Research shows that indoor plants have many health benefits from improving air quality, reducing blood pressure, helping with breathing problems and mood, increasing attention span and improved productivity so the popularity has soared in the home.
When you’re just starting out in the world of indoor gardening, it can be overwhelming but it isn’t as hard to care for indoor plants as you think. From feeding tips and advice on compost and watering to help with choosing an indoor plant for your home, our guide will show you how to get the most from your houseplants.
How to pot indoor plants
Choosing a pot for your indoor plant
When choosing a pot for your plant, if the growers pot supplied is under 15cm in diameter then you should choose an indoor pot that is at least 1cm bigger in diameter to allow your plant to grow and to ensure it doesn’t get root bound too quickly.
If your house plant is supplied in a pot that is over 16cm in diameter, choose an indoor pot that is a minimum of 2cm bigger in diameter. Ensure you check your decorative pot’s height so it is tall enough to accommodate the suppliers pot if you are not re-potting directly.
Drainage is an essential element to ensure they stay healthy. Some indoor pots have drainage holes whereas some do not. If planting in a pot with no hole, create a drainage by adding crocks, pebbles, or stones to the bottom of your pot before adding compost.
Our extensive range of Terra indoor planters can accommodate all indoor plants of all varieties and sizes.
For a contemporary look to your interior, the Terra pots come in four sizes and different colours to compliment the green foliage of indoor plants, whilst the smaller Terra sized planters are perfect for succulents such as cacti or aloe vera.
Our new Margot planters are ideal for larger indoor plants such as the Fiddle-leaf fig and perfect for monsteras.
Repotting your plants can sound tricky, but we have a few tips to make it a success. Signs include; the plant is noticeably outgrowing its pot and the roots are coming out the bottom with yellowing leaves.
Choose a pot that is 2 inches greater in size. Gently lift your plant from its old pot, being careful not to break off any stems or roots. Massage and separate the roots before placing your plant in the centre of its new pot and fill with compost around its perimeter.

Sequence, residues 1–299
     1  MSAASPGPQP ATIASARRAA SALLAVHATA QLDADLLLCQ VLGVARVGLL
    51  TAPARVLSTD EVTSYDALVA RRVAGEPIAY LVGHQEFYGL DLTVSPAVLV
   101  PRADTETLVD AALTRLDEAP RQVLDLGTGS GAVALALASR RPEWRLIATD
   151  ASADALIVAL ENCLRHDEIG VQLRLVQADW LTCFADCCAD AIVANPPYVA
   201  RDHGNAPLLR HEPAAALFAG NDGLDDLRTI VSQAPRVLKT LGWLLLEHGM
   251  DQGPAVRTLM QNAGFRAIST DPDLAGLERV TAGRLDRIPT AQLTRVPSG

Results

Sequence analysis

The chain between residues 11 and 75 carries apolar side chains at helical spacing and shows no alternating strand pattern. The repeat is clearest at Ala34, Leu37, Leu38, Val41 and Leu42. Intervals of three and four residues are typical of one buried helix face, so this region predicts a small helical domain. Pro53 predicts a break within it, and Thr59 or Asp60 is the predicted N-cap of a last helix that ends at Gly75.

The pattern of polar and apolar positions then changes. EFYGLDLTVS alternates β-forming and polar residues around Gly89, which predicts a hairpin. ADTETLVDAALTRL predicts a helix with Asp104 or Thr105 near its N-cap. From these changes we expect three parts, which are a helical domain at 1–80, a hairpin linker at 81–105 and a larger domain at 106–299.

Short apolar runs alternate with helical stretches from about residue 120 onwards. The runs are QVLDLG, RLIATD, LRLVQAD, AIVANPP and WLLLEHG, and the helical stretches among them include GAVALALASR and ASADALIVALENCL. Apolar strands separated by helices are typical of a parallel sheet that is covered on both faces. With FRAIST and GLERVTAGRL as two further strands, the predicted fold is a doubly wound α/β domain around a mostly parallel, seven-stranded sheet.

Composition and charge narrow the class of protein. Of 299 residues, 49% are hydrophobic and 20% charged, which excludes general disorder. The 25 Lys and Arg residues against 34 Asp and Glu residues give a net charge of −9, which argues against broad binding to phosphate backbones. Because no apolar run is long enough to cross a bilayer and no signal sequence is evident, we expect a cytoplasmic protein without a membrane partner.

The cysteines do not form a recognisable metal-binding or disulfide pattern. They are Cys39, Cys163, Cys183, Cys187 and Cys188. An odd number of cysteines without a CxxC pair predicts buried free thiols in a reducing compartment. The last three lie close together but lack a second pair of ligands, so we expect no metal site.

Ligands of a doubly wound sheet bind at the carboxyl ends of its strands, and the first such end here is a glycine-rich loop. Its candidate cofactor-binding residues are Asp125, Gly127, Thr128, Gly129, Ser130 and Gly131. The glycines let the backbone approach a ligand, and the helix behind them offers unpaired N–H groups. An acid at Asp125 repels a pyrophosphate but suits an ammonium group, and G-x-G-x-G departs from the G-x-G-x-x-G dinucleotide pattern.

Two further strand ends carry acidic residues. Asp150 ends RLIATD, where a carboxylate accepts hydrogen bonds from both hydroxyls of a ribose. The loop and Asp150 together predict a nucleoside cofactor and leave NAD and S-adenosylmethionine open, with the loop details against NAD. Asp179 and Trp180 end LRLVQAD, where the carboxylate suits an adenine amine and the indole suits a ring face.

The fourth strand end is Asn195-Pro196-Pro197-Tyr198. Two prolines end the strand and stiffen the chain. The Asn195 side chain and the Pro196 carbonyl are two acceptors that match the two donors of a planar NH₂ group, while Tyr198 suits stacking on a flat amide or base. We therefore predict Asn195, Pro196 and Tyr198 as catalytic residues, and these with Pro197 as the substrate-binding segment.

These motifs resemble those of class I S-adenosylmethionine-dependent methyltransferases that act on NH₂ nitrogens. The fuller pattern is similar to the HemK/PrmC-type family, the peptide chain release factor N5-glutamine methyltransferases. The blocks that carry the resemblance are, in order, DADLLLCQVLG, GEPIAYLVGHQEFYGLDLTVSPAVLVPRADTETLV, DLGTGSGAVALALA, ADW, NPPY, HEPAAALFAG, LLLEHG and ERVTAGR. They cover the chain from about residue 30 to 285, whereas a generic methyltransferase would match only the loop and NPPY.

Which potting soil is best for indoor plants?
A question we are often asked is whether indoors plants need a special compost. Compost needs to provide water, nutrients and oxygen to the root system of your plant, whilst allowing drainage which means texture is important.
Most house plants will be happy in a multi-purpose compost or indoor potting mix. These mixes absorb moisture very well and resist compaction, and along with a regular fertiliser will allow your plants to thrive.
If you are growing cacti or succulents, they prefer a coarse soil so we recommend a specialist compost which contains a high proportion of sand and grit.
Orchids or Phalaenopsis need a free-draining compost, often made up of bark chips, peat moss and perlite.
Indoor plant care
How much heat and light does my indoor plant need?
Plants differ greatly in their need for light but mostly need 8 hours of sun a day. Indoor plants such as succulents, yuccas and aloe vera all love a sunny windowsill. Tropical plants such as palms, dracaena, peace lily and philodendron can cope with dappled shade.
As the days gradually shorten towards winter, we recommend you move your plants closer to a window to maximise the amount of sunlight.
Almost all houseplants need a minimum temperature of 12-18°c to survive. They also don’t deal well with temperature fluctuations so keep them away from cold draughts from windows or doorways.
How often to water indoor potted plants?
The main reason most indoor plants don’t make it is because of overwatering. Too much water can end your plant life very quickly. You can test the moisture level in your plants’ pots by pushing your finger into the compost to feel whether it is damp below the surface.
Make sure the compost is kept moist for best results. A watering schedule of once or twice a week is suitable for most plants, water the plant thoroughly but infrequently. Signs that you’re overwatering are if the leaves look droopy and start to turn yellow.
Succulents and cacti are used to desert conditions and hold their own water so only need topping up every month.
How to Choose the Right Plant for your Home
Indoor plant greenery can transform a space and breathe new life into a room. When choosing a plant for a specific room in your home, certain houseplants have different needs when it comes to sun exposure and humidity levels. An indoor garden can be your refuge from the outside world so we’ve chosen our favourite plants for each room below.
Kitchen and Bathroom
There are several plants that love humid and steamy conditions. Consider ferns, clusia, tradescantia, palms, snake plants, devil’s ivy and bamboo which can cope with extremes of temperature and air quality.
Living Room and Bedroom
Zamioculca, calathea, monstera, aloe vera, lavender, peace lily, money plants and spider plants are a great way to boost mood, add colour to your interior and build up your gardening skills.
With a bit of care, attention and by following our guide, you can have a home filled with beautiful, healthy indoor plants. Explore our full range of indoor planters to embrace your urban jungle.